From the collections of the British Museum
This sculpture was found in a cave at Ain Sakhri near Bethlehem in modern Palestine. It was made 11,000 years ago and by people who are known as the “Natufians”. You can see the Ain Sakhri sculpture on display at the British Museum.
The natural shape of a stone (called a ‘calcite cobble’) has been used to represent the outline of two people. They seem to be facing each other in a sitting position and looking at one another although they have no faces. The arms of one figure seem to hug the shoulders of the other and its knees are apparently bent up underneath those of the slightly smaller figure.
Historians suggest that this is the oldest known sculpture of a human couple having sex. It is often assumed that it shows a man and woman but there is nothing about the object that makes this clear. There are many examples of artefacts from throughout history which clearly show same-sex couples, see the British Museum’s ‘Desire and Diversity’ collection.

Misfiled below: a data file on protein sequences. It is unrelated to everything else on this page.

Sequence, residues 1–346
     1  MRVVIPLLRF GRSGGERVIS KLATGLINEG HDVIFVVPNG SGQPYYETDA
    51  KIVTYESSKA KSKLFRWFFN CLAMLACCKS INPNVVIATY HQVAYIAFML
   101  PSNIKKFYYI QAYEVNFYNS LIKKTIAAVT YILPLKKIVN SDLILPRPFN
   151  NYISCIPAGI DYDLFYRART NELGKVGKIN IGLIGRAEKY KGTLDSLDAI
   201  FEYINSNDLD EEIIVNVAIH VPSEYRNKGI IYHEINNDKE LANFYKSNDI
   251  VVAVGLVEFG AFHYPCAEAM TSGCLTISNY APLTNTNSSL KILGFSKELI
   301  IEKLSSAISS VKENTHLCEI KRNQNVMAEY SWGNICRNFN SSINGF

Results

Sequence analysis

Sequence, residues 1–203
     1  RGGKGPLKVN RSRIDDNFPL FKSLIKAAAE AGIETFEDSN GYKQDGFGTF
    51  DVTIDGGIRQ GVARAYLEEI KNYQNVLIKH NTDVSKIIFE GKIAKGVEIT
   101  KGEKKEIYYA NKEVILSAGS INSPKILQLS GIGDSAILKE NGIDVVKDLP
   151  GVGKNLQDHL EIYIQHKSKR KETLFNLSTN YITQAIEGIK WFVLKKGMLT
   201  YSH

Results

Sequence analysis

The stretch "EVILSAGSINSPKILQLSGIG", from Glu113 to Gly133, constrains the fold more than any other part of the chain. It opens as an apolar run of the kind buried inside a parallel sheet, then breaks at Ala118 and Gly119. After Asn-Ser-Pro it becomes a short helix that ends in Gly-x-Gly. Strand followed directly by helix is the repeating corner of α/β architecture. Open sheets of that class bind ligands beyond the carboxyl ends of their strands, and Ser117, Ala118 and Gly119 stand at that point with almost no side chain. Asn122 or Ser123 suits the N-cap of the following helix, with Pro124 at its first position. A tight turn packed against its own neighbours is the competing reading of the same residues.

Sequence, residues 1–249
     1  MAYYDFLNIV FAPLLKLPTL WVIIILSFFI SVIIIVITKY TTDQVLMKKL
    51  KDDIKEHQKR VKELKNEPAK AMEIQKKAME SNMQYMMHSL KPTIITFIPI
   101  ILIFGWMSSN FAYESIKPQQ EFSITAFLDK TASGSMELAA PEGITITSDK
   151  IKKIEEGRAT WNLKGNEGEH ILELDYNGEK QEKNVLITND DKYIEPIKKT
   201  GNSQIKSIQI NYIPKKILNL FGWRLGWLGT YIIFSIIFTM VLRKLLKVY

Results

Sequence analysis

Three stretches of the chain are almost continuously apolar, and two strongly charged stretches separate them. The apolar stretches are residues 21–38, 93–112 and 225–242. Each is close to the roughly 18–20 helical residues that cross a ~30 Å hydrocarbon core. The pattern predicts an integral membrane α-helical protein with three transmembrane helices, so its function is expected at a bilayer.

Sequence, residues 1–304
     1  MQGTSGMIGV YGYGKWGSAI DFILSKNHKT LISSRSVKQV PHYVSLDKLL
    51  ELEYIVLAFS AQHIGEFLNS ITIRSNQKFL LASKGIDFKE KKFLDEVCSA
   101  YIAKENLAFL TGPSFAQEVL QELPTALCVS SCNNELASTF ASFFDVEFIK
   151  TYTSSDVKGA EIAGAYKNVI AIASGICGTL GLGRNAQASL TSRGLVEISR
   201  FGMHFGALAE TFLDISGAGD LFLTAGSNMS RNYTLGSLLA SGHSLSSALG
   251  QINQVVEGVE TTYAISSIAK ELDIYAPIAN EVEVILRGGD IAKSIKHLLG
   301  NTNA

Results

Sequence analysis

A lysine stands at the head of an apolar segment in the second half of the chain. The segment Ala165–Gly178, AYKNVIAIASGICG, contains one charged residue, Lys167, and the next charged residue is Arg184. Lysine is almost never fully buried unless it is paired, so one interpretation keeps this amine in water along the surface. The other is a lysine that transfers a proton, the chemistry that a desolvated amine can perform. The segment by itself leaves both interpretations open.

The overall shape of the sculpture has been described as ‘phallic’ by the British Museum, meaning it has the shape of an erect penis, in this case two of them. You can see the object from other angles here. The Natufians were among the first people to breed sheep and goats so historians suggest the sculpture's phallic shape may reflect an interest in fertility which is often represented by phallic symbols.
|Credit||Images reproduced by permission of the British Museum|
|Identifier||Museum No. 1958,1007.1|
|Source||Entry in the British Museum online catalogue|
|Date||11,000 years old|